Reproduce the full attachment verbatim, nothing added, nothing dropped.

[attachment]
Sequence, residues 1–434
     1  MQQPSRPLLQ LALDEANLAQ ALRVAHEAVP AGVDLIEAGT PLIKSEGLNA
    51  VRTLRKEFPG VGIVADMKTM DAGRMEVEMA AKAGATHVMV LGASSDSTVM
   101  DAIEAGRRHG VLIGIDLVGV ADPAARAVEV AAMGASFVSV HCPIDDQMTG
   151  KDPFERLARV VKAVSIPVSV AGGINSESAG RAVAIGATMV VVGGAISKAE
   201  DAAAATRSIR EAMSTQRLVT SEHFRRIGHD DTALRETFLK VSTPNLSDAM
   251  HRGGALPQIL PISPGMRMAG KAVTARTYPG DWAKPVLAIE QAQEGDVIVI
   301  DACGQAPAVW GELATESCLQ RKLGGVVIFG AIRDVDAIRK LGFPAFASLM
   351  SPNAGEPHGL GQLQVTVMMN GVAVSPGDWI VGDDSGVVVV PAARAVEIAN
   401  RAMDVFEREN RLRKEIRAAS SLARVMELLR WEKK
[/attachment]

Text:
Sequence, residues 1–434
     1  MQQPSRPLLQ LALDEANLAQ ALRVAHEAVP AGVDLIEAGT PLIKSEGLNA
    51  VRTLRKEFPG VGIVADMKTM DAGRMEVEMA AKAGATHVMV LGASSDSTVM
   101  DAIEAGRRHG VLIGIDLVGV ADPAARAVEV AAMGASFVSV HCPIDDQMTG
   151  KDPFERLARV VKAVSIPVSV AGGINSESAG RAVAIGATMV VVGGAISKAE
   201  DAAAATRSIR EAMSTQRLVT SEHFRRIGHD DTALRETFLK VSTPNLSDAM
   251  HRGGALPQIL PISPGMRMAG KAVTARTYPG DWAKPVLAIE QAQEGDVIVI
   301  DACGQAPAVW GELATESCLQ RKLGGVVIFG AIRDVDAIRK LGFPAFASLM
   351  SPNAGEPHGL GQLQVTVMMN GVAVSPGDWI VGDDSGVVVV PAARAVEIAN
   401  RAMDVFEREN RLRKEIRAAS SLARVMELLR WEKK